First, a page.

"It is wonderful to appreciate the talent that lives on forever in these tracks."
Music is powerful, that’s a no-brainer. But the power of music when you think about the ways in which we interact with it opens a deep, psychological rabbit hole. How it’s intangible but it holds a space within us and around us, evoking real emotional and physiological responses – think about this long enough and you soon realise just how wonderful it is that music simply exists. For artists who have departed this world for the next, listening to songs that started but never quite finished is clearly a mortally sad but special experience.
For the family, friends and loved ones of Nick Weaver, the co-founder of Sydney psychedelic pop band Deep Sea Arcade, his passing during the midst of writing an album’s worth of solo material sparked their own journey to ensure his music wasn’t lost in the dark but brought to light and lived on with poignantly titled album Won’t Let Go.
Weaver’s battle with a rare cancer came to an end in April 2021 at the age of 37. It meant that a lot of the material he’d started on and was close to finishing was gently scooped up by friends and bandmates and finished with what they believed his vision for it was. The result is 13 tracks that drip with honest, reflective, brilliant lyricism, hazy indie-pop that weaves plenty of hooky melodic lines throughout.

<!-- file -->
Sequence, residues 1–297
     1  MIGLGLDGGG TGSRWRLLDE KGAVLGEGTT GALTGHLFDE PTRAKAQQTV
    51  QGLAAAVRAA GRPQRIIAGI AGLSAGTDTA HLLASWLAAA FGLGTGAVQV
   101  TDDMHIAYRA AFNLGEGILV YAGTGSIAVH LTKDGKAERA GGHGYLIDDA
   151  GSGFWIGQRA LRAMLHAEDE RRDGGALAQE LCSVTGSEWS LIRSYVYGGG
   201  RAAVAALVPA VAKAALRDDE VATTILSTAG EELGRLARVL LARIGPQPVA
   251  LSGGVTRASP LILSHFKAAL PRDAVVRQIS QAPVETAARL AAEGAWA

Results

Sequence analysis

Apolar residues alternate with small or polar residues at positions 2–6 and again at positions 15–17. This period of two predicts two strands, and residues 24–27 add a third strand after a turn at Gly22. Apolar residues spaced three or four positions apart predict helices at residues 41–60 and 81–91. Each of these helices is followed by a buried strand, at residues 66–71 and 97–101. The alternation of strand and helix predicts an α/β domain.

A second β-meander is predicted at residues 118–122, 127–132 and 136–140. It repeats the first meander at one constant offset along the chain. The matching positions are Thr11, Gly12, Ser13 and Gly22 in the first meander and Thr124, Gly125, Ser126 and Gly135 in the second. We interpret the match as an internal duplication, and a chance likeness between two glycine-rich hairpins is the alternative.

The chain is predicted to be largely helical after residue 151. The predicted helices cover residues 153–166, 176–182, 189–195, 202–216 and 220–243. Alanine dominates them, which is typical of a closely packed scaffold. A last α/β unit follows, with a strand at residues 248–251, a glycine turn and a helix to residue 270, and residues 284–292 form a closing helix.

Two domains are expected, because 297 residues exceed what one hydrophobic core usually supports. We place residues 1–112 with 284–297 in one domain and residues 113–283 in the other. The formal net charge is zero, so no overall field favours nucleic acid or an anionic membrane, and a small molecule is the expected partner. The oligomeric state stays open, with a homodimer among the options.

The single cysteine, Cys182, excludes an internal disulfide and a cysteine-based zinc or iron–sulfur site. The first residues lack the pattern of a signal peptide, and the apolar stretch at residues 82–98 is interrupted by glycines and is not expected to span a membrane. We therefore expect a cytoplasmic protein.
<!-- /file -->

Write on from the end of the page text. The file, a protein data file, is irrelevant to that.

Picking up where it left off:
Largely written during the COVID-19 lockdowns and isolation, Weaver recorded all his vocals and played every instrument (except the drums). Taking on all of the songwriting and music production can have its downsides, with some musicians disappearing into their own worlds and failing to look up and get a lay of the land for what’s working and what’s not; it’s just not the case here. Weaver has created a collection of songs that are all connected by slinky strings of fuzzy guitars, his striking falsetto and intricate compositions that sit beneath his lyrics that express love, sincerity, beauty, loss, deception and more.
Opening track and single Cold Chills lets that falsetto shine across radiant guitars and a sombre chord progression, but there’s still an upbeat vibe overall that helps set the tone for preceding tracks. There is definitely some fun Tame Impala-like swagger emanating from Drive and Not In Her Way, and shimmering layers of riffs and bass slides abound in Sweet 16 and the title track. The darker edges keep the overall album vibe in balance, with Shapes In The Dark and Sunshine On Its Way providing offbeat melodies that take semitone dips amongst reverb-laden synths.
It’s sad to wonder ‘what might have been’ had Won’t Let Go been released while Weaver still graced us with his unique presence. With a healthier appetite these days for jack-of-all-trades artists with solid touring bands flanking them, it’s easy to imagine that this album would have found a very willing audience. But, for now, it is wonderful to appreciate the talent that lives on forever in these tracks.
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